Peter wrestles with gender expectations and his own gender identity.
Fu introduces the reader to a family ruled by a quasi tyrannical father heavy on Chinese cultural and traditional beliefs. Although the story focuses on each family member, Peter ultimately becomes the center of the narrative.
Peter, the only male son born of two Chinese immigrants – his life mapped out from the womb by his father. The burden of expectation serves as a yoke around Peter’s neck. Successful, a pillar of strength, marriage along with a family – merely scratching at the life sketched for Peter.
“I drew myself with a stiff halo of hair, swaddled babies around my feet. A satisfied smile from ear to ear. “I want to be a Mommy.”
However Peter hopes for a different life, a life he only shares with his sisters, a hidden secret kept from his parents.
Peter sneaks moments where he can be his authentic self – wearing an apron, cooking, cleaning, dressing up, applying make-up. Tasks performed alone, fearful of how the world will accept her.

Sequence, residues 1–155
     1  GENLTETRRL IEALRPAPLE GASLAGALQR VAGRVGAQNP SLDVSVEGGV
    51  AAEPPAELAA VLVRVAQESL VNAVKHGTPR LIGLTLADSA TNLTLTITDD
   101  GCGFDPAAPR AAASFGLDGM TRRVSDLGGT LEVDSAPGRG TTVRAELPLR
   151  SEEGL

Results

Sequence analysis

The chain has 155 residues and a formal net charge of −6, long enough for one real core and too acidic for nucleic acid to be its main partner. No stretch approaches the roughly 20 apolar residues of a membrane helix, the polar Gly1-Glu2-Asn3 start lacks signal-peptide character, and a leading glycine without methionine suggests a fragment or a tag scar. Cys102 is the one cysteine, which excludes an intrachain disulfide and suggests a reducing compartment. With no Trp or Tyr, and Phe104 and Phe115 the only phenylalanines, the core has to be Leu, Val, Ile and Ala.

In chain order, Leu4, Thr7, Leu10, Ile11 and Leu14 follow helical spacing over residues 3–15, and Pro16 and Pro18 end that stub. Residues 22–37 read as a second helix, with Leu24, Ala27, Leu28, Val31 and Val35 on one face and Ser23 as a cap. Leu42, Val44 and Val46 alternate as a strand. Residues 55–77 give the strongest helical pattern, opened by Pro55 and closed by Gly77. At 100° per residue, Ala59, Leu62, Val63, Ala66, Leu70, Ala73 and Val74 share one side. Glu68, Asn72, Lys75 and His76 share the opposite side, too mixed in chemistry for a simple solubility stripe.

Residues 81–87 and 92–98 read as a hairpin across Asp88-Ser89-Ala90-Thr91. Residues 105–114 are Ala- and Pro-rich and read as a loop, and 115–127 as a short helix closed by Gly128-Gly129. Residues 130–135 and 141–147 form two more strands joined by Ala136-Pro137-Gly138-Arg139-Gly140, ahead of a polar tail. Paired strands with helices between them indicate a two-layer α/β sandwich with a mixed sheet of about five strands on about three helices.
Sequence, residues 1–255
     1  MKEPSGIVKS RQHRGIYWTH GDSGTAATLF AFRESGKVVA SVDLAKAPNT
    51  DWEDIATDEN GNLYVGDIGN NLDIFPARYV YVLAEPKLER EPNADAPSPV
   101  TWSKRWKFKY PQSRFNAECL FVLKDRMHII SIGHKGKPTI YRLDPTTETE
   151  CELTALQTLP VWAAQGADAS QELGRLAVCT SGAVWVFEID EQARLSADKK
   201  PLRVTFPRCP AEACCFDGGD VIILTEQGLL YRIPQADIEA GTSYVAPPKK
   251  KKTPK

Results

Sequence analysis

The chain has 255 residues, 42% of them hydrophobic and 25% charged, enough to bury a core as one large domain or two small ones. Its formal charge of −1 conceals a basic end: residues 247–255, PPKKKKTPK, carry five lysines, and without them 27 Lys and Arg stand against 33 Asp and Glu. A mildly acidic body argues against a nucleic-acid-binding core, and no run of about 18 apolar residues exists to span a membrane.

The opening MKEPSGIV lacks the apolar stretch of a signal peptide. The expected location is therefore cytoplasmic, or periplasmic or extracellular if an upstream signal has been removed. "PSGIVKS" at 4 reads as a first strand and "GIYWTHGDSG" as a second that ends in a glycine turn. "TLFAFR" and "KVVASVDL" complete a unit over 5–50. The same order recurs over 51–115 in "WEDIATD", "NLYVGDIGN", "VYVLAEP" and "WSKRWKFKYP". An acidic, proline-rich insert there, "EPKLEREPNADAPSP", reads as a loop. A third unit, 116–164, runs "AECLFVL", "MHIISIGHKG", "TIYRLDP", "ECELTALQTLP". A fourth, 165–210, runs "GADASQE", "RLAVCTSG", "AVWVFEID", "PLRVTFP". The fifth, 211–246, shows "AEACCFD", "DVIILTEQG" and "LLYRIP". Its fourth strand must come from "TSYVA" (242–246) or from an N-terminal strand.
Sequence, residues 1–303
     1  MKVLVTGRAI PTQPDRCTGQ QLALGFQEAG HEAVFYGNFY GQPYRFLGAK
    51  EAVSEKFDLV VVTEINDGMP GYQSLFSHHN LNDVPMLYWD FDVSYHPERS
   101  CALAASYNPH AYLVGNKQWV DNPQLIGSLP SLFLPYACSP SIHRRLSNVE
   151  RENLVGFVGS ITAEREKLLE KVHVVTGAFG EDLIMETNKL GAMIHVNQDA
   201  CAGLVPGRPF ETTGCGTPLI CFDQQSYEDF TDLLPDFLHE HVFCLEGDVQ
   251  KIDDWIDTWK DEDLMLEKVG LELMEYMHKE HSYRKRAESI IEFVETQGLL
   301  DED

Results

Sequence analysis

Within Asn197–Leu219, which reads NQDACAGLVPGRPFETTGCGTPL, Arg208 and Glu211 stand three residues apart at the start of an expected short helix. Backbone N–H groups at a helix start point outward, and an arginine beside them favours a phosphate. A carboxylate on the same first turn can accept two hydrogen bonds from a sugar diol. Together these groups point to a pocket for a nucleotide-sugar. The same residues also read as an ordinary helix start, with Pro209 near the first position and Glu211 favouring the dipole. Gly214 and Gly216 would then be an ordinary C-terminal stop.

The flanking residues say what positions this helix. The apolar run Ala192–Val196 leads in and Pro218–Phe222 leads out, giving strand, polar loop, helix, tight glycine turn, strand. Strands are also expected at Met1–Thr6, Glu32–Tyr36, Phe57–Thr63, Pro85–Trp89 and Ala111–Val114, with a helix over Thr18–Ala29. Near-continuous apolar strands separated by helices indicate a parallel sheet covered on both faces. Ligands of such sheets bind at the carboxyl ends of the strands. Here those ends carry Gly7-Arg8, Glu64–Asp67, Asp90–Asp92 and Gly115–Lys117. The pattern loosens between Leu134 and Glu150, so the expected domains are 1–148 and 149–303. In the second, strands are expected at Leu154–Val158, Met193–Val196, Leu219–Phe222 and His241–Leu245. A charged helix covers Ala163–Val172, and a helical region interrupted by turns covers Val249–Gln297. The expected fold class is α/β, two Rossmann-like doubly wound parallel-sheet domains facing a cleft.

“I felt a wave of panic. I never peed standing up. When I had to, I thought of my body as a machine, a robot that did my bidding. A combination of arms and legs and heart and lungs. It had nothing to do with me. My real body was somewhere else, waiting for me. It looked like my sisters’ bodies.”
The story gives hope but it really highlights the pain and isolation of living a life as a lie. How you have to hide your authentic self due to parental disapproval along with societal scorn. Fitting into an unfamiliar an awkward skin feeling as if you’re an unwelcome intruder, clearly knowing your trapped in a body representing the wrong sex.
Fu masters Peter and his brutal and beautiful story. Painful tinged with hope.